Clearing the Air – August 2013: Goods Movement in the San Joaquin Valley

Clearing the Air – August 2013: Goods Movement in the San Joaquin Valley
Tom Frantz

By Tom Frantz

Members of the San Joaquin Valley Air Board are often heard blaming our pollution problems on the diesel trucks traveling Valley highways nonstop between Los Angeles and the Bay Area. Some, like Skip Barwick of Visalia, have publicly cried foul that more than 50% of Valley truck traffic is of this nature.

Blaming our lousy air quality on outside sources of pollution is a longstanding Air Board strategy. It is one way they shirk their responsibility as a health agency to protect the breathing public. They also refuse to acknowledge that we have the worst air in the nation, causing tens of thousands of people to suffer a lifetime of illness and to die prematurely. It is especially tragic when they misrepresent the truth in order to justify their failure to provide healthy air.

The Air Board certainly needs to better understand the nature of truck traffic in the Valley if they don’t wish to be seen as either stupid or callous liars. It is true that diesel trucks are a large source of the types of emissions that cause ozone and form particulate matter. The official pollution inventories show diesel trucks accounting for a full 20% of the direct and precursor emissions that make up our air pollution burden. But what percentage of the diesel trucks we see every day has no origin or destination in the Valley? The answer is a lot smaller than what our Air Board members are telling us.

In June 2012, the San Joaquin Valley Regional Transportation Planning Agency released a technical memorandum/study describing the flow of goods through and around the Valley (

Out of 500 million tons of annual freight moved throughout the Valley each year, trucks carry 92% and rail carries 8%.

The study shows that more than 90% of this tonnage is either inbound, outbound or intraregional. In other words, little freight moves through the Valley without stopping somewhere.

The numbers above show that less than one percent of our air pollution is from diesel trucks that pass through the Valley without stopping to do business. Dramatically inflating this figure is a callous political lie designed to protect the politicians while lives are ruined.

Here are some other facts from the goods movement study. Nearly 100% of local rail carries stuff meant for the Valley. Interestingly, about 50% of the total rail tonnage is feed for animals. This should not be surprising when you consider that our three million cows consume a tremendous amount of corn and soy from the Midwest.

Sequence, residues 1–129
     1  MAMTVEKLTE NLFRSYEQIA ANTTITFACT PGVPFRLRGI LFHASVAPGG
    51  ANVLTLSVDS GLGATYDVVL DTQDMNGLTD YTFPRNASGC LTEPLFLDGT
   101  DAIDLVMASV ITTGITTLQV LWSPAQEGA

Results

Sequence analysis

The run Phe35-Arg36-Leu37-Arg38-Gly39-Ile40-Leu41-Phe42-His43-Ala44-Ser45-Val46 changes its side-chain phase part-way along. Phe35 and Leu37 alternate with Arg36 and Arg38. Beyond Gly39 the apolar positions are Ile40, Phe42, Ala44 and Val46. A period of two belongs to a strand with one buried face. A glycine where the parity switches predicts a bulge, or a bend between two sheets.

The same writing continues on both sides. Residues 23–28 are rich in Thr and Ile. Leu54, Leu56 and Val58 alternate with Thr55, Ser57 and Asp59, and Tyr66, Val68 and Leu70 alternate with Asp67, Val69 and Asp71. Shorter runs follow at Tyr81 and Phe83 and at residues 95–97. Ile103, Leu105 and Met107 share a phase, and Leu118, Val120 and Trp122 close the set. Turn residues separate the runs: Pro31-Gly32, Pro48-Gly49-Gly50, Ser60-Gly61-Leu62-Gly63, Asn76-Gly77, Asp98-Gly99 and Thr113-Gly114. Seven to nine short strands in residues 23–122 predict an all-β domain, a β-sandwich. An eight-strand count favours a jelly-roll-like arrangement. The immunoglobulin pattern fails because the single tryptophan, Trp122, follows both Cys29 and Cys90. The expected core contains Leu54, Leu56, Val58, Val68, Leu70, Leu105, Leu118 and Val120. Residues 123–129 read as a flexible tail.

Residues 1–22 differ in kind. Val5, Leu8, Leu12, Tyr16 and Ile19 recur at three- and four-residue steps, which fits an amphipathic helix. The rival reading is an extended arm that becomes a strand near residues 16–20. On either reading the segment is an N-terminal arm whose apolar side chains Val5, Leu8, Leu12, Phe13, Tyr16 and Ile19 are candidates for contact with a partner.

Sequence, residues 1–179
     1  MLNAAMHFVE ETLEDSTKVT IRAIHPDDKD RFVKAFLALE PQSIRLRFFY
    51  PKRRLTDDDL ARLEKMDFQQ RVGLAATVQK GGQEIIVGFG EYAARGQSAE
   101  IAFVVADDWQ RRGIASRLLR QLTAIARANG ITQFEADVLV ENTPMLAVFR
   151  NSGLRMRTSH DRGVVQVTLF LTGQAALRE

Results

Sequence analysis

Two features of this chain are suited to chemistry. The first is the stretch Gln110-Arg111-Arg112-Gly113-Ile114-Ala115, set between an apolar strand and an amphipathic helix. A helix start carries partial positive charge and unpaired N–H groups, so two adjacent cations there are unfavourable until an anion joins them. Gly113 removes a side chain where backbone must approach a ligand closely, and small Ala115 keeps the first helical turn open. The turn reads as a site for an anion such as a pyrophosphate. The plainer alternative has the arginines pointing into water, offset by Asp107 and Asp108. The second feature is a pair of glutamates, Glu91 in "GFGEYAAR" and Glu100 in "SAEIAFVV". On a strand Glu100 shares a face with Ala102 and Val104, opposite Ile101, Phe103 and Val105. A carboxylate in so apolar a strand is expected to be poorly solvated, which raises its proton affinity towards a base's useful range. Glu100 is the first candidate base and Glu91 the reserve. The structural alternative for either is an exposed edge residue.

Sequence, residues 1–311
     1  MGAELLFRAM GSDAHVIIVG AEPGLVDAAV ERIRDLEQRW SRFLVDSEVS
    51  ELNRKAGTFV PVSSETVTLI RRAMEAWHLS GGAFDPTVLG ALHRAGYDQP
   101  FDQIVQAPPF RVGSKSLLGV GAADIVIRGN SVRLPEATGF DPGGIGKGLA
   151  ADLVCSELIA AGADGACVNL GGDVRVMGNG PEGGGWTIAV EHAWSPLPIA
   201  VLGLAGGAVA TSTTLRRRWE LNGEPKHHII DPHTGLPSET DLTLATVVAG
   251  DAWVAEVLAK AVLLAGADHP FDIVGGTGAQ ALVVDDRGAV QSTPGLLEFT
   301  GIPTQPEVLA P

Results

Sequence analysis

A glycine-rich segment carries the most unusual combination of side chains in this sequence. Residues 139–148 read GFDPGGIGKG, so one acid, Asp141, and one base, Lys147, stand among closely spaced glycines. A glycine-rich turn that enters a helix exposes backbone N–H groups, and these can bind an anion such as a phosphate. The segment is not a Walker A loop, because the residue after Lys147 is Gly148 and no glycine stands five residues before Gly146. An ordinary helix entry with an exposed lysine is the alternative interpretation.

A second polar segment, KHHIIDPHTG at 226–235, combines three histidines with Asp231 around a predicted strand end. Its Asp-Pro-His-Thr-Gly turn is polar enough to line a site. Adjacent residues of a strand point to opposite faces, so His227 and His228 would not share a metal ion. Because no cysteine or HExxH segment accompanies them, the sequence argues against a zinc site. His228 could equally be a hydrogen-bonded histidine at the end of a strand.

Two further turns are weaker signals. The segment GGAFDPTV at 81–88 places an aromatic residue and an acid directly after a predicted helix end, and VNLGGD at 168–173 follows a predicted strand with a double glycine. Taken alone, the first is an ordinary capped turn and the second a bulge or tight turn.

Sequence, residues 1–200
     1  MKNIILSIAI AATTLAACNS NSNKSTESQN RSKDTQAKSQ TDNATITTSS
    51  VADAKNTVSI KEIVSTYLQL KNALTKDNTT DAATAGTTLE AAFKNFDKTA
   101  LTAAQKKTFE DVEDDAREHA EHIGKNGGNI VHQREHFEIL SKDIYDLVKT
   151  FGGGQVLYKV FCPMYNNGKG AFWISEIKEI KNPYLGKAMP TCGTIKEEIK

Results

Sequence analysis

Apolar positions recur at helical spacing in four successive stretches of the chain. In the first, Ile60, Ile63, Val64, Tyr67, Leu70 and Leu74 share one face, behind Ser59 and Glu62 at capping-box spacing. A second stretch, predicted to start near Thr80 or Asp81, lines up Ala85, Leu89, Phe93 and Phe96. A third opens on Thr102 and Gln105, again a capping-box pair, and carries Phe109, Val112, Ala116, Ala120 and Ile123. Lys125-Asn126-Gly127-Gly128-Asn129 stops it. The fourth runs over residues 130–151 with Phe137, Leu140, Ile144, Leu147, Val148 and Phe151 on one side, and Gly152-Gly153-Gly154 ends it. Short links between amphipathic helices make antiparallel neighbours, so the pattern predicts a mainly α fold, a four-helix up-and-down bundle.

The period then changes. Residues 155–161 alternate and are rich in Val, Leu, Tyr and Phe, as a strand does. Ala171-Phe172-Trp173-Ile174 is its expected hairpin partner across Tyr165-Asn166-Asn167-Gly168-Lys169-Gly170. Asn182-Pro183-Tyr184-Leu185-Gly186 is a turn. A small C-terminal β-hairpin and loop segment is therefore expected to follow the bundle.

The largest category of goods carried by trucks in the Valley is agricultural commodities at approximately 100 million tons per year. Raw milk from dairies is 20 million tons of that. Processed food, including milk and cheese, is another 20 million. The Valley also receives 12 million tons of waste annually by truck, including sewage sludge, fuel for biomass incinerators and hazardous waste.

So what should the Air Board be doing instead of putting up a smokescreen of helplessness?

The answer lies in the need to strengthen their Indirect Source Rule. This rule applies currently to new housing where a fee must be paid to mitigate pollution from the increased traffic flow. The Air Board has declined to apply this rule to new sources such as distribution centers, which involve lots of trucking.

Walmart, Target, Ikea and Best Buy are a few of the better-known names that have their regional distribution centers in the Valley. They have located here in the past 20 years to take advantage of cheap land and cheaper labor.

Most of these facilities obtained local county or city construction permits and the Air Board was nowhere to be seen asking them to account for their traffic pollution. The same is true for sewage sludge dumps, hazardous waste dumps, biomass incinerators and food processing centers. They all involve massive amounts of trucking, and they all are getting a free ride from the Air Board.

If each one of these businesses had been required to fully mitigate their trucking pollution, we would have significantly cleaner air today.

It is never too late for the Air Board to start telling us the truth and doing their job.


Longtime clean air advocate Tom Frantz is a retired math teacher and Kern County almond farmer. A founding member of the Central Valley Air Quality Coalition, he serves on the CVAQ steering committee and as president of the Association of Irritated Residents. CVAQ is a partnership of more than 70 community, medical, public health, environmental and environmental justice organizations representing thousands of residents in the San Joaquin Valley unified in their commitment to improve the health of Californians. For more information, visit


  • Community Alliance

    The Community Alliance is a monthly newspaper that has been published in Fresno, California, since 1996. The purpose of the newspaper is to help build a progressive movement for social and economic justice.

0 0 votes
Article Rating
Notify of

This site uses Akismet to reduce spam. Learn how your comment data is processed.

Inline Feedbacks
View all comments
Would love your thoughts, please comment.x